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How Turkey's coup turmoil has fueled migration flurry

Consultancy firms report a big increase in the number of Turks exploring options to migrate to the West, as the failed coup and its aftermath exacerbate fears over the country's future.
A man wrapped in a Turkish flag walks past a military vehicle in front of Sabiha Airport, in Istanbul, Turkey July 16, 2016. REUTERS/Baz Ratner - RTSI8VV

In early July, President Recep Tayyip Erdogan announced a plan to grant Turkish citizenship to Syrian refugees, saying he had instructed the government to start working on the issue. Several days later on a flight from the NATO summit in Warsaw, he told journalists that Syrians in Turkey, numbering some 3 million, could be offered lodgings built by the Housing Development Administration through a favorable payment scheme of small monthly installments. The plan to naturalize Syrians and lodge them in government-built homes sparked objections from the opposition and civil society groups, with many suspecting that Erdogan had ulterior political motives.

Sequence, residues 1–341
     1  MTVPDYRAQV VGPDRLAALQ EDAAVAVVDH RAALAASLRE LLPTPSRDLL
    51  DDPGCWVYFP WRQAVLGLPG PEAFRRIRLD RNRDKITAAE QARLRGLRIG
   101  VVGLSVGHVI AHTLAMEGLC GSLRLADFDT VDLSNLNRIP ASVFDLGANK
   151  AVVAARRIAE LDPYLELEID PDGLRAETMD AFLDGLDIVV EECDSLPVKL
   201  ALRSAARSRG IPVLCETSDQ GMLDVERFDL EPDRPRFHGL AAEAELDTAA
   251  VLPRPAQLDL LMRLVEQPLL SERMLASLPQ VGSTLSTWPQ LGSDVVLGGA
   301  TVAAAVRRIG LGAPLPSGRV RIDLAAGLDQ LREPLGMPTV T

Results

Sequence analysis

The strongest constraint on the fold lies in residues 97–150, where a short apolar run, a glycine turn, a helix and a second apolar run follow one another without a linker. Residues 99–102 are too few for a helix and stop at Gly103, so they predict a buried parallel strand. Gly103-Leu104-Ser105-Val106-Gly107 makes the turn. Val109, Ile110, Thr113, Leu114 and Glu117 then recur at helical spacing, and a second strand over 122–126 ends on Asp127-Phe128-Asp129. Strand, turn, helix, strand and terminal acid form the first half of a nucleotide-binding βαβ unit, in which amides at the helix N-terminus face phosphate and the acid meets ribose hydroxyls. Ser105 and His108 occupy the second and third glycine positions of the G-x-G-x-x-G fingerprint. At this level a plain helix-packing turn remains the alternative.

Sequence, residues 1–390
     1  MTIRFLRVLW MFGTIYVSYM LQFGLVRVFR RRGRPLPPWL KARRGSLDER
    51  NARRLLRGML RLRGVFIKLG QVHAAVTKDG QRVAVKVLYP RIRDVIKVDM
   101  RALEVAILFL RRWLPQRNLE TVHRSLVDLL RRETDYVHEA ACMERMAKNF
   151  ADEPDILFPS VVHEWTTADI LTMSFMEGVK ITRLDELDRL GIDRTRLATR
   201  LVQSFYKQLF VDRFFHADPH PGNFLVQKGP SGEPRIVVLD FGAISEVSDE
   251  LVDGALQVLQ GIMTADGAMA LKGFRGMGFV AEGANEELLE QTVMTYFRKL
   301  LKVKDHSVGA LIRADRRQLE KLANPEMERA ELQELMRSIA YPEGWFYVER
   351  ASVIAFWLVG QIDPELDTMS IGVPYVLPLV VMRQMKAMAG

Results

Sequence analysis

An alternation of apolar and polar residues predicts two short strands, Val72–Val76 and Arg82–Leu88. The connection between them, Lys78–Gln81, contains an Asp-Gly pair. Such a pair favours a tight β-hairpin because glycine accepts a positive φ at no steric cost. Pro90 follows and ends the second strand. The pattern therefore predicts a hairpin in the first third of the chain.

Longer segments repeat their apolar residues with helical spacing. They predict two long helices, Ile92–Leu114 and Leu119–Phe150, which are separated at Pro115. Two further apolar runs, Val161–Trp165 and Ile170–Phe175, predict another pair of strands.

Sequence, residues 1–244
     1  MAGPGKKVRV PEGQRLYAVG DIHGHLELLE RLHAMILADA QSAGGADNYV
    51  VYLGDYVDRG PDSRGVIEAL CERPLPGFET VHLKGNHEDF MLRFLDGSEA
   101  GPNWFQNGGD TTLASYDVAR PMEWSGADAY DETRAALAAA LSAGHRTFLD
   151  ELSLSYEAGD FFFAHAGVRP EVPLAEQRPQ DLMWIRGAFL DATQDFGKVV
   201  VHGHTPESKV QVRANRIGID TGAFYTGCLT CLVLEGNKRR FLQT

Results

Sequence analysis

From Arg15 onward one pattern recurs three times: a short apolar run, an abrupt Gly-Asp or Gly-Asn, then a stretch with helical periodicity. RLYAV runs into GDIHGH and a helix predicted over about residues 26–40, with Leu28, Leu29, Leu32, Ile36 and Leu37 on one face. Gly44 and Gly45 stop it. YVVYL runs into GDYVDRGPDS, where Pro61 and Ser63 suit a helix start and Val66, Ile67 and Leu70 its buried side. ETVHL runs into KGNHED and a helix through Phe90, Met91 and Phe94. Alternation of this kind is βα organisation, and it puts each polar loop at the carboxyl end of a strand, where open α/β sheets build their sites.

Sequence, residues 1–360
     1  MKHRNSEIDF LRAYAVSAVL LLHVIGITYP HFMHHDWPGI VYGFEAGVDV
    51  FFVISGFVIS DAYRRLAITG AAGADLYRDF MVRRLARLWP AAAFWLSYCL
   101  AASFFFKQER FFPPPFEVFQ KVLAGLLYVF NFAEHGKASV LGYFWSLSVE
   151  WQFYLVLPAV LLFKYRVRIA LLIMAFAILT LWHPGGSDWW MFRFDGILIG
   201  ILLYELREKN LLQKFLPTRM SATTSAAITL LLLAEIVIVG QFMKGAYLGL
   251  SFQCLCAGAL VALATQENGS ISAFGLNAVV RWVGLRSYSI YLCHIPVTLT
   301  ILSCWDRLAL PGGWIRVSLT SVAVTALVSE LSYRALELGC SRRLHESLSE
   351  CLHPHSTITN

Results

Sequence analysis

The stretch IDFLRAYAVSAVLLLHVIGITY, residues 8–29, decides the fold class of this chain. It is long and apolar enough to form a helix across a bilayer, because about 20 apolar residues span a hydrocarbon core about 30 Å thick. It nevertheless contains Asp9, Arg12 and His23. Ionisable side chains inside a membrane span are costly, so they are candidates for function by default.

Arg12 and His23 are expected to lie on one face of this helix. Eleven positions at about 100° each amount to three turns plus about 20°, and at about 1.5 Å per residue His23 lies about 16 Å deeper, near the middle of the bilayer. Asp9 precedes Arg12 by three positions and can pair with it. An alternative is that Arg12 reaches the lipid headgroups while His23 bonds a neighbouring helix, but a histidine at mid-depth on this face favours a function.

Around the same time, the government had announced another controversial plan — to grant work and residency permits and Turkish citizenship to foreigners who buy real estate in Turkey and pledge not to sell it for five years, who buy treasury bonds and pledge to keep them for at least five years and who keep foreign exchange above a certain amount in bank accounts for at least three years. The plan, an attempt to lure foreign capital, sparked accusations that Turkish citizenship had been “put on sale.”

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